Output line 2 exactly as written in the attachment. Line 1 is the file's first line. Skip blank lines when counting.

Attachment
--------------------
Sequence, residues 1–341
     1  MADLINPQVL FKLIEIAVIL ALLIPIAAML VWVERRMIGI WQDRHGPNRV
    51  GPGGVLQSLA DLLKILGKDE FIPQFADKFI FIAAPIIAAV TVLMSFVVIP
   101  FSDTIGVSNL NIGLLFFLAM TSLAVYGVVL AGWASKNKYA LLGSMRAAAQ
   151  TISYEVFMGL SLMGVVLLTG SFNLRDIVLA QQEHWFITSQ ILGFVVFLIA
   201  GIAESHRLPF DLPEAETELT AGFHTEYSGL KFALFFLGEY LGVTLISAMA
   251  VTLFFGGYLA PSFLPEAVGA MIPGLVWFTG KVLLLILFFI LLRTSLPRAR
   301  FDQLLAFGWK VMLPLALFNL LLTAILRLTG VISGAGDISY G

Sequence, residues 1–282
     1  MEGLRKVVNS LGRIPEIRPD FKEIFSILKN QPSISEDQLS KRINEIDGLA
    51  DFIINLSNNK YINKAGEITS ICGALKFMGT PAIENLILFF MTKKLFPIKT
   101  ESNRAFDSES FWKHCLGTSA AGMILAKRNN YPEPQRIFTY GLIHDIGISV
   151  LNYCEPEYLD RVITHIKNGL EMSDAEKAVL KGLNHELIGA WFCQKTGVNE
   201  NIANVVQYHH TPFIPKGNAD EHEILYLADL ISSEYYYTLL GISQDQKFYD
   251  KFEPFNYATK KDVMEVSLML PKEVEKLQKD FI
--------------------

     1  MADLINPQVL FKLIEIAVIL ALLIPIAAML VWVERRMIGI WQDRHGPNRV